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North Korea Expelling US Monitors From Reactor Site


The State Department confirms North Korea is expelling U.S. monitors from its Yongbyon nuclear complex along with International Atomic Energy Agency inspectors. The Obama administration says North Korea's announced decision to leave nuclear talks and restart the nuclear facility is a step backwards.

U.S. officials say the expulsion notice was delivered to the team of U.S. experts at the Yongbyon facility Tuesday at about the same time the IAEA inspectors were told they are being evicted.

The action means the Yongbyon reactor complex, where the plutonium for North Korea's presumed small arsenal of nuclear weapons was produced, will be without international monitoring for the first time in nearly two years.

North Korea announced Tuesday it is leaving the Chinese-sponsored six-party talks on its nuclear program and will restart its plutonium facility at Yongbyon in response to a U.N. Security Council statement condemning its April 5 launch of a long-range ballistic missile.

State Department Acting spokesman Robert Wood said the U.S. team, of "several" nuclear experts, was told to leave the site immediately.

He said the expulsion is obviously a matter of concern to the United States and a step backward, and that North Korea has only brought upon itself further isolation.

"The international community has offered the North a path to get back in the good graces of the international community," Wood said. "And a step like the one it took yesterday is not helpful, is not going to lead to a resolution of these outstanding issues. We all have that goal of trying to bring about a denuclearized Korean Peninsula. We want to see that happen. But again the North took this decision. It is going to have to deal with the consequences that flow from that decision."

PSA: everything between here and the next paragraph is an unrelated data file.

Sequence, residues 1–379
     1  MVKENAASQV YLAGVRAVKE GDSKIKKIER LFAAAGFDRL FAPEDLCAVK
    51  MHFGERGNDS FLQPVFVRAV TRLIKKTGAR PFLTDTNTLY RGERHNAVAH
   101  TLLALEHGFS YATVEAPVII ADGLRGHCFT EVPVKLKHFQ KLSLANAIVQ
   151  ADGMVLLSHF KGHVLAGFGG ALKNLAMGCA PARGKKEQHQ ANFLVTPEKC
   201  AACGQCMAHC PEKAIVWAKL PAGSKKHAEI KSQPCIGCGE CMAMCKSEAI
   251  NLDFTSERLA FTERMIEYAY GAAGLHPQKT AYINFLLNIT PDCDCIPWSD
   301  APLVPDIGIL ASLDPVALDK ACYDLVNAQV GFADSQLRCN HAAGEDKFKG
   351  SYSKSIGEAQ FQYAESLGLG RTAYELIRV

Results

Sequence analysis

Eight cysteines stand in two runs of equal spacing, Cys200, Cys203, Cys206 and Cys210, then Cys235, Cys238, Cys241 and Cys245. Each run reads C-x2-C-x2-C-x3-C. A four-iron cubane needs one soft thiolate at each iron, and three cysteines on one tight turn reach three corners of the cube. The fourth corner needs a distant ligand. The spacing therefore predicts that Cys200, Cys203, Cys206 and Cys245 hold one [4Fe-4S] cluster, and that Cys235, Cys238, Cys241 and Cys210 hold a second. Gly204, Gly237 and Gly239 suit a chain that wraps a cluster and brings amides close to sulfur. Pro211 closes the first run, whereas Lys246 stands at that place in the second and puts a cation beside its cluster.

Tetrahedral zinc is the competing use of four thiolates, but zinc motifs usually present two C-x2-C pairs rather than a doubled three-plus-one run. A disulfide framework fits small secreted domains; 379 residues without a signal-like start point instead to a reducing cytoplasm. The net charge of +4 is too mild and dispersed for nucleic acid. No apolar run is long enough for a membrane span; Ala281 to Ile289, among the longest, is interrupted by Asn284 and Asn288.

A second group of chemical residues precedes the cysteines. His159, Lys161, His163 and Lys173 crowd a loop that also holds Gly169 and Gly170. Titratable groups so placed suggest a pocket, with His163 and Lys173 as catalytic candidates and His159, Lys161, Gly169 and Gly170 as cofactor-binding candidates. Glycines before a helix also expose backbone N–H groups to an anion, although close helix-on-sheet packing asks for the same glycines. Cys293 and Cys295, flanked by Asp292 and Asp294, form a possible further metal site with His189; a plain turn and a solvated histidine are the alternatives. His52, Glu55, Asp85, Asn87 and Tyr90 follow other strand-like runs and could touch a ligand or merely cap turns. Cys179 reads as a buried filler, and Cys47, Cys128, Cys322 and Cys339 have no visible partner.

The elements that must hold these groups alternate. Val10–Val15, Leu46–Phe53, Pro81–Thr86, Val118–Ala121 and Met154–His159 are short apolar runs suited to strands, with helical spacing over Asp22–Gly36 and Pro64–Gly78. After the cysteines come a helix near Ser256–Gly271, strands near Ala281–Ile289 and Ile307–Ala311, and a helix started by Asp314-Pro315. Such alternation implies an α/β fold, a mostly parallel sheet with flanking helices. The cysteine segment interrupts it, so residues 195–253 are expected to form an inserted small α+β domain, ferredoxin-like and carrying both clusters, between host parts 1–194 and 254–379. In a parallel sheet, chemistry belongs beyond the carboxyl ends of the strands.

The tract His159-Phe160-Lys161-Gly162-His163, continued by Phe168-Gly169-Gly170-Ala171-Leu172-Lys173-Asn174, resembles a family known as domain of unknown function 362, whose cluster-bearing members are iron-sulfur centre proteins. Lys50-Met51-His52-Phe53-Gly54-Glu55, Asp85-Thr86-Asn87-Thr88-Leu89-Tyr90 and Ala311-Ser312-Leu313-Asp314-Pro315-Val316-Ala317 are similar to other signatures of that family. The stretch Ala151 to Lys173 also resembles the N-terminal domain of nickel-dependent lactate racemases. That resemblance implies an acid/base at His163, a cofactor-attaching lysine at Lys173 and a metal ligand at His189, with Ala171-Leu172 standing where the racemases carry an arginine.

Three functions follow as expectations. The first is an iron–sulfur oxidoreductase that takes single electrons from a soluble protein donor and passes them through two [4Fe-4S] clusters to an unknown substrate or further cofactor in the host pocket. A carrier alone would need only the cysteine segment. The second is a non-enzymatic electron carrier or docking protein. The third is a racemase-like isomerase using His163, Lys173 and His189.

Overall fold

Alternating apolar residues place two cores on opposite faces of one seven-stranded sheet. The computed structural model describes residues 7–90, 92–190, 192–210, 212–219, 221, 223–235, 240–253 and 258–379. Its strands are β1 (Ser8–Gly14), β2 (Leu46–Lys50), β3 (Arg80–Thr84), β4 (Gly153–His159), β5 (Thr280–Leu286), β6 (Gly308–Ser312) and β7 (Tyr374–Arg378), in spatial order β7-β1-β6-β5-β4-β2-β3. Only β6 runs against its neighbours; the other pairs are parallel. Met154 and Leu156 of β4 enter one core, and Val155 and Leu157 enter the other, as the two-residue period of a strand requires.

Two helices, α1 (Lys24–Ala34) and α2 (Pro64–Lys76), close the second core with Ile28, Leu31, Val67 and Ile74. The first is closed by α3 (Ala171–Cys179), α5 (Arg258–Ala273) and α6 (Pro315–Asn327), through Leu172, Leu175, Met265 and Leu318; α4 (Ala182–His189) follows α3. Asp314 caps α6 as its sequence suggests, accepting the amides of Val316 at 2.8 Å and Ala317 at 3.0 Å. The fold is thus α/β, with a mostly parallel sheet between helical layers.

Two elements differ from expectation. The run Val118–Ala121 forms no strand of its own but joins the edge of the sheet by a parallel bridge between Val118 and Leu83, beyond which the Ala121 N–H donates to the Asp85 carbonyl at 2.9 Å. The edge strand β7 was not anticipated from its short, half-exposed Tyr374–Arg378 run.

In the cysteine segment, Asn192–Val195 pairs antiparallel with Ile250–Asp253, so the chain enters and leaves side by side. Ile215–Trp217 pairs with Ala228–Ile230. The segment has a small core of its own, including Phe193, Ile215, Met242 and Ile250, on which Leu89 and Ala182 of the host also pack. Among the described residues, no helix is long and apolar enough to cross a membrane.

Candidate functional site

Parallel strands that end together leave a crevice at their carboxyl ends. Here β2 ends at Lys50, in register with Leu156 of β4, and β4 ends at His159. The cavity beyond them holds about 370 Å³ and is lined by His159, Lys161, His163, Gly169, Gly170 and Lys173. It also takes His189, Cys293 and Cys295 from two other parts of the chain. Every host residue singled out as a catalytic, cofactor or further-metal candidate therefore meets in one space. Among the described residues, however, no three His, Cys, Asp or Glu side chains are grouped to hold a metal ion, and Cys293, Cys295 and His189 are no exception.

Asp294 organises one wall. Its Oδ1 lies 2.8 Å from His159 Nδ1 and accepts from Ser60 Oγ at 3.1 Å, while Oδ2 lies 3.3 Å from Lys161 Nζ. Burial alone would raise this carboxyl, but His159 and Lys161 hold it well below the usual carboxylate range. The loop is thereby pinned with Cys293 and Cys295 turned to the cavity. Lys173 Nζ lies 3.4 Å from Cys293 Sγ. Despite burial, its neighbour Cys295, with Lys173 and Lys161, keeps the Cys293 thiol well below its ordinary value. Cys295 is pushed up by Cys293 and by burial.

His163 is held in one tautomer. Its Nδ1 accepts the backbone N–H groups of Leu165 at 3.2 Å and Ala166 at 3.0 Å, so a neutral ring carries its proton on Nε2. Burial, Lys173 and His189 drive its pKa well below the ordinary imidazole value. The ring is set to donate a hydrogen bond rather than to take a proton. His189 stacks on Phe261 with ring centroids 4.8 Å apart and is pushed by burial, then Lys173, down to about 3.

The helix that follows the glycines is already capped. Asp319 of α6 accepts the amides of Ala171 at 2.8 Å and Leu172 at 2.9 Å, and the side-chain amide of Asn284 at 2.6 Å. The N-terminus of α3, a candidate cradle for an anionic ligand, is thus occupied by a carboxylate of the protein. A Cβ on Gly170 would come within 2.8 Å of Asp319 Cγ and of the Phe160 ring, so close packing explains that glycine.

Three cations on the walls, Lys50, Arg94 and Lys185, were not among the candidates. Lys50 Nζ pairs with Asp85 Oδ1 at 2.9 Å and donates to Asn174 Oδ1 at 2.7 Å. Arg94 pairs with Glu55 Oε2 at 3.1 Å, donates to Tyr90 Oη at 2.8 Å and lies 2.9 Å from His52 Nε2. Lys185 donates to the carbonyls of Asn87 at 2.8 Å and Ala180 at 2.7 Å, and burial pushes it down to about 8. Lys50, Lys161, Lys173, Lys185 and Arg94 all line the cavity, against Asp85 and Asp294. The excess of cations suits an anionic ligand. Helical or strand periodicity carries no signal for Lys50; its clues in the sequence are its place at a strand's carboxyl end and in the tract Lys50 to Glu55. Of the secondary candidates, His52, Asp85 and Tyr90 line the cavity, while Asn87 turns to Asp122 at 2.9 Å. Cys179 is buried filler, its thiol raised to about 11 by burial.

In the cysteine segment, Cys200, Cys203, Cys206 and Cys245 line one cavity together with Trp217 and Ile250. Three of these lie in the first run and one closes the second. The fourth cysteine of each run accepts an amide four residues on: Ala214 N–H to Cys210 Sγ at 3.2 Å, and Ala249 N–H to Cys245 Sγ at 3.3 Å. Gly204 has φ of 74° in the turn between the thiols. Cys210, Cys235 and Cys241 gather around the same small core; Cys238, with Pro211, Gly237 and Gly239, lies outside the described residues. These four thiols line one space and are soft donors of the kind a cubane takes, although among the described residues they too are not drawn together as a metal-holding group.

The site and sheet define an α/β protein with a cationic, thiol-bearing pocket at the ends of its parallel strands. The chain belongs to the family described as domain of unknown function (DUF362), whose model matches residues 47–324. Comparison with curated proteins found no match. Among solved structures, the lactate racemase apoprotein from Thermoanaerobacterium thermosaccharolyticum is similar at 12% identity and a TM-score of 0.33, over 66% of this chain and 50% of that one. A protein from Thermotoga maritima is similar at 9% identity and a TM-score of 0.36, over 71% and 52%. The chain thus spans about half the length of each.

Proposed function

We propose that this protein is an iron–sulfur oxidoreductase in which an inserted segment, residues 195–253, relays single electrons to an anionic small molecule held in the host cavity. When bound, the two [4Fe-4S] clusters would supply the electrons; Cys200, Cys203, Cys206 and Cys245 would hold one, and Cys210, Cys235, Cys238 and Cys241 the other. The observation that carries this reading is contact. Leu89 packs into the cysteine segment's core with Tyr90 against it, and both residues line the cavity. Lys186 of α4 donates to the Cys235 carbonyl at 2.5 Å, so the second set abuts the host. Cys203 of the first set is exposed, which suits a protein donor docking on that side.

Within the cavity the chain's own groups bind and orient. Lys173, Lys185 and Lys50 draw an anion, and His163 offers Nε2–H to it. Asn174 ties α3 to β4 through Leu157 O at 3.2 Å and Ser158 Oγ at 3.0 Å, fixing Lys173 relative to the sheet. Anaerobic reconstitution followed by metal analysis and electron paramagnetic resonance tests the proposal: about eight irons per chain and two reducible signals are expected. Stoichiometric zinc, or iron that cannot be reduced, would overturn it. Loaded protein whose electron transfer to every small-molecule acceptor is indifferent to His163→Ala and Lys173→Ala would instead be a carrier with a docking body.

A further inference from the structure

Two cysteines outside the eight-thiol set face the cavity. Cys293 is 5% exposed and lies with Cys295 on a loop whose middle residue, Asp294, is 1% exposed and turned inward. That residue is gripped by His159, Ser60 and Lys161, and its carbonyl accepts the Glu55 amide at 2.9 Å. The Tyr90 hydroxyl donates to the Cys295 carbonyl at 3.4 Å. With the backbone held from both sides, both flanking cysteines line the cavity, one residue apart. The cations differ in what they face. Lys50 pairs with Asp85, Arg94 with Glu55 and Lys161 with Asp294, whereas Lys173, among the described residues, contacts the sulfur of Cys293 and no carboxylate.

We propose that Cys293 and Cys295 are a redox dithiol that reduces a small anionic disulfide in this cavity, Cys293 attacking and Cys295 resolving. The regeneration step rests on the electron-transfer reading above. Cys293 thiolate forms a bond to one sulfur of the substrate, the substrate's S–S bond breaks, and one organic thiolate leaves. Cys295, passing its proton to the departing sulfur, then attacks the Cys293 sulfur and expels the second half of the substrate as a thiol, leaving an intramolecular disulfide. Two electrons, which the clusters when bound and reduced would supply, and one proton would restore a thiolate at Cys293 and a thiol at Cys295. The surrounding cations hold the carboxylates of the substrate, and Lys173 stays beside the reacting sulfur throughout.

North Korea says it was within its rights to conduct the missile launch, which it insists put a satellite into orbit, and that the Security Council statement condemning it was an "unbearable insult."

U.S. officials say no part of the three-stage rocket reached orbit and the launching was a thinly-disguised test of a long-range ballistic missile that was banned under a 2006 U.N. resolution.

Under questioning, spokesman Wood said the ensuing North Korean retaliation was not a failure of U.S. diplomacy, but a failure by Pyongyang to live up to its international obligations.

A senior State Department official said the United States is in contact with other participants in the six-party process on how to get North Korea back to the negotiating table.

Pyongyang agreed in principle in 2005 to scrap its nuclear program, including weapons, in return for aid and diplomatic benefits.

It shut down and partially dismantled the Yongbyon reactor, including the televised demolition of its cooling tower in May of last year. Nuclear experts have said it would take several months to get the facility operating again.

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